The Proper Way To Merge?

Topic 26214 | Page 1

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RealDiehl's Comment
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So what do you think? Is it better to merge early when you see that sign in a construction zone that says, "right lane ends merge left". Or do you think it is better to ride the lane until it ends and then merge at the last minute? I've seen it argued both ways. For the record, I get over ASAP...but that doesn't mean it's right.

SAP:

Substance Abuse Professional

The Substance Abuse Professional (SAP) is a person who evaluates employees who have violated a DOT drug and alcohol program regulation and makes recommendations concerning education, treatment, follow-up testing, and aftercare.

PackRat's Comment
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The heavier the traffic, the earlier I like to get over. I've observed that the closer the distance to the actual merge point, the less inclined drivers seem to be inclined to allow any other vehicle to get in front of them, especially a big rig. Conversely, many cars will do just about anything in order to "get in front of that big truck".

Oz's Comment
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I've observed that the closer the distance to the actual merge point, the less inclined drivers seem to be inclined to allow any other vehicle to get in front of them,

Agreed, I refer to this as the lead dog complex.

ChickenPlucker's Comment
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Depends if I'm doing local shift work or long hauls. My level of courtesy tends to shift depending on my timelines.

Turtle's Comment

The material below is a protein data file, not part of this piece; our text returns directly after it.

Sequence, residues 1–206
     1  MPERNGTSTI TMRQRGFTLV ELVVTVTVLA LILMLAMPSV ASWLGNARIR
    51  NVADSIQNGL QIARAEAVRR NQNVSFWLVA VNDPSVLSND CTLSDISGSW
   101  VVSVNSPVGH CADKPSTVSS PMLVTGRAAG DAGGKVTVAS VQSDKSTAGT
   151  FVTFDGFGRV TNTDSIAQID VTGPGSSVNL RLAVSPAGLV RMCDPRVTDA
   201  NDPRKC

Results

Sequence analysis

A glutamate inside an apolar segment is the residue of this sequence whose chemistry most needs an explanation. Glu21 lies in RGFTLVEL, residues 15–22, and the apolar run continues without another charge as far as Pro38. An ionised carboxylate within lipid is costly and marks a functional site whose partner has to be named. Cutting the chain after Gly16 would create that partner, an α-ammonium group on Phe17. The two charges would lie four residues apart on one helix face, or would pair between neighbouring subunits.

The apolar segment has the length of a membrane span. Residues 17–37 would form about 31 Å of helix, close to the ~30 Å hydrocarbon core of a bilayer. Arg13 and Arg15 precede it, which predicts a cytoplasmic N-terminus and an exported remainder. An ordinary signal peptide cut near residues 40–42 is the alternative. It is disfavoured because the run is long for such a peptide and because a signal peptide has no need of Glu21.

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Ah, the oft debated subject of merging. My opinion?

What should happen:

Everyone stays in their lane until they reach the merge point, then take turns getting into the travel lane. Very efficient, nobody gets upset, smooth operation.

What actually happens:

Driver thinks it's better to get in line early, then is immediately passed by a dozen other vehicles, trucks and four wheelers alike. Driver is somehow surprised by this, and now angered. "Well I got in line way back there, so I'm sure as hell not going to let anybody in front of me now!" Temps flare, brakes are jammed, bottleneck worsens.

I'm a firm believer in maintaining your lane until the merge point. Because if you get in line a mile back and expect everybody to follow suit, I'm sorry but you're foolish. It'll never happen. Someone will always see that open lane and take it, ticking you off.

That said, if everyone in front of me is merging early, I'll do the same, knowing a bunch of cars will probably pass me. But I don't care, it doesn't upset me. I'll let them in at the merge point because in the big picture, I'd rather have them in front of me anyway.

There are construction zones with signs specifically saying to "Stay in lane until merge point". When the drivers follow those signs, I've found it to be the most efficient and courteous way of merging.

That's my take anyway

HOS:

Hours Of Service

HOS refers to the logbook hours of service regulations.

OWI:

Operating While Intoxicated

Errol V.'s Comment
member avatar

I tell my students to

Git while the Gittin's good.

Once you know you'll need to change lanes, get started. That way if there's any problem (as when a driver refuses to let you in because he doesn't want to be behind a truck) you still have time. Always communicate your intention with your turn signals!